This region’s climate is classed at lower elevations as humid subtropical (Cfa in the west; Cwa in the east); whilst at higher elevations with a southerly aspect it becomes classed as humid continental (Dfb). However, accurate data for altitudes above 2,000 metres (6,560 ft) are practically nonexistent either here, in Chitral, or in the south of the province.
The seasonality of rainfall in central Khyber Pakhtunkhwa shows very marked gradients from east to west. At Dir, March remains the wettest month due to frequent frontal cloud-bands, whereas in Hazara more than half the rainfall comes from the monsoon. This creates a unique situation characterized by a bimodal rainfall regime, which extends into the southern part of the province described below.
Since cold air from the Siberian High loses its chilling capacity upon crossing the vast Karakoram and Himalaya ranges, winters in central Khyber Pakhtunkhwa are somewhat milder than in Chitral. Snow remains very frequent at high altitudes but rarely lasts long on the ground in the major towns and agricultural valleys. Outside of winter, temperatures in central Khyber Pakhtunkhwa are not so hot as in Chitral, but significantly higher humidity when the monsoon is active means that heat discomfort can be greater. However, even during the most humid periods the high altitudes typically allow for some relief from the heat overnight.
Southern Khyber Pakhtunkhwa
|Dera Ismail Khan|
|Climate chart (explanation)|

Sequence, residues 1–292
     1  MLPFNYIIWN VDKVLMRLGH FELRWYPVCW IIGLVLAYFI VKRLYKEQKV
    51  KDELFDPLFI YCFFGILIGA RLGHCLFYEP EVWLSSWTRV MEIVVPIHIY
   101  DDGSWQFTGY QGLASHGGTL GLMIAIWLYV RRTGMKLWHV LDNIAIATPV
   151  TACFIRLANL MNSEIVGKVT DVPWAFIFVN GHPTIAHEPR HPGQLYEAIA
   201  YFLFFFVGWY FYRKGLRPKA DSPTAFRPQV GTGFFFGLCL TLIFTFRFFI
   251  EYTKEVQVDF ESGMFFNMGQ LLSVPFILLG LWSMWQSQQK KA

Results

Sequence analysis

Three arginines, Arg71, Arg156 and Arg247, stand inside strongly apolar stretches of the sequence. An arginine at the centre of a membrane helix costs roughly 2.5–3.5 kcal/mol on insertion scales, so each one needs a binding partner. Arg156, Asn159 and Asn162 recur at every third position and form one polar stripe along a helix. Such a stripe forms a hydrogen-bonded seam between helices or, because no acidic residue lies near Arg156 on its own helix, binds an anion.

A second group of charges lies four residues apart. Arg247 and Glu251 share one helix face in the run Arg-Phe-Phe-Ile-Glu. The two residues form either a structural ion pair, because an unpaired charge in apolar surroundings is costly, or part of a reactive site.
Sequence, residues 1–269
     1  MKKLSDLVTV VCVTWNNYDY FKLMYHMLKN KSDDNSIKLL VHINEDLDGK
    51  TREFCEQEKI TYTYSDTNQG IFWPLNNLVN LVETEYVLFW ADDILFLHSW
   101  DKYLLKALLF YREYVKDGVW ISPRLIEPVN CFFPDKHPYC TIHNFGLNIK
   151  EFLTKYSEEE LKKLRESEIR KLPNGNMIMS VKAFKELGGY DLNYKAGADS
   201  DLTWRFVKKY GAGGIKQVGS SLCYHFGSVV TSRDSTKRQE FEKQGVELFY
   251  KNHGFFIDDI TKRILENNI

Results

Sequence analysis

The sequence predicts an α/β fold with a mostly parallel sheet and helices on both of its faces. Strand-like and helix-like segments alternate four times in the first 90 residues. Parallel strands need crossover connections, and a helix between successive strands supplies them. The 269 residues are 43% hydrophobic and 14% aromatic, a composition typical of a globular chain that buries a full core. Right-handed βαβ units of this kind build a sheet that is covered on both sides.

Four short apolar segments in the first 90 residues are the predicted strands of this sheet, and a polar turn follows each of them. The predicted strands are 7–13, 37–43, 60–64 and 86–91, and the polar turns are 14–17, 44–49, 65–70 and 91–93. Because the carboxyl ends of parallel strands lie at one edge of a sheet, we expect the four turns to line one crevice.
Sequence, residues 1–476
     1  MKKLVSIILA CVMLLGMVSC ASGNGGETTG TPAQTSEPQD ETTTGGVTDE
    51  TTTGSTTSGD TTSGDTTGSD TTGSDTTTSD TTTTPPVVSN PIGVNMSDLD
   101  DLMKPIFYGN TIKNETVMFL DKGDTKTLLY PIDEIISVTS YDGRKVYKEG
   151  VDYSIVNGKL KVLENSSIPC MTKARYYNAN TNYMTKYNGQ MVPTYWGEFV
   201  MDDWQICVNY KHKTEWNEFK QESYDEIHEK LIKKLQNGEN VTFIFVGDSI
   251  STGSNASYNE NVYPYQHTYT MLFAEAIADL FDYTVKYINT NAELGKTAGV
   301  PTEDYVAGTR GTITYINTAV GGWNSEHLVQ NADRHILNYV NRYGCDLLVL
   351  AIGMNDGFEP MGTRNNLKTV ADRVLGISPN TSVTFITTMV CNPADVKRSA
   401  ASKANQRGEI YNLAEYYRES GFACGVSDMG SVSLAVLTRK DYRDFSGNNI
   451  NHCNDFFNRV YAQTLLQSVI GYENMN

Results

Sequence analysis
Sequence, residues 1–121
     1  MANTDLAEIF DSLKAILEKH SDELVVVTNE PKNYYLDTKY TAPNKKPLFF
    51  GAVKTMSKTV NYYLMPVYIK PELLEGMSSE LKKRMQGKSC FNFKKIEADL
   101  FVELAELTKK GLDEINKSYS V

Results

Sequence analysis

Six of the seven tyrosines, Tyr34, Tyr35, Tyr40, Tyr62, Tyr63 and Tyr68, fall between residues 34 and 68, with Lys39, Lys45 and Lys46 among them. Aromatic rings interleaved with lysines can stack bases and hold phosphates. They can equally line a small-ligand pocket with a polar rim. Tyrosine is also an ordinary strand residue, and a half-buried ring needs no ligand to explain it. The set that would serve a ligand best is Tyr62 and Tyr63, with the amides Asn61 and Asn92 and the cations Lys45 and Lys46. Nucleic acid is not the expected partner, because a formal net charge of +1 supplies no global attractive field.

As one moves further away from the foothills of the Himalaya and Karakoram ranges, the climate changes from the humid subtropical climate of the foothills to the typically arid climate of Sindh, Balochistan and southern Punjab. As in central Pakhtunkhwa, the seasonality of precipitation shows a very sharp gradient from west to east, but the whole region very rarely receives significant monsoonal rainfall. Even at high elevations annual rainfall is less than 400 millimetres (16 in) and in some places as little as 200 millimetres (8 in).
Temperatures in southern Pakhtunkhwa are extremely hot: Dera Ismail Khan in the southernmost district of the province is known as one of the hottest places in the world with temperatures known to have reached 50 °C (122 °F). In the cooler months, however, nights can be cold and frosts remain frequent, though snow is very rare and daytime temperatures remain comfortably warm with abundant sunshine.
The province has an estimated population of about 21 million. The largest ethnic group is the Pashtun, who historically have been living in the areas for centuries. Around 1.5 million Afghan refugees also remain in the province, majority of which are Pashtuns followed by Tajiks, Hazaras, and other smaller groups. Despite having lived in the province for over two decades, they are registered as citizens of Afghanistan.
Pashto is the most pervasive language while Hindko is the second most commonly spoken indigenous language. It is predominant in eastern parts of Khyber Pakhtunkhwa and is spoken in some cities and towns including some areas of Peshawar.
Hindko is mostly spoken in eastern parts of Khyber Pakhtunkhwa, the Hazara Division, and especially in the cities of Abbottabad, Mansehra, and Haripur, and also as a minority in the city of Peshawar. The provincial government is planning to introduce Hindko-medium education in Peshawar, Nowshera, Kohat, Haripur, Abbottabad and Mansehra districts.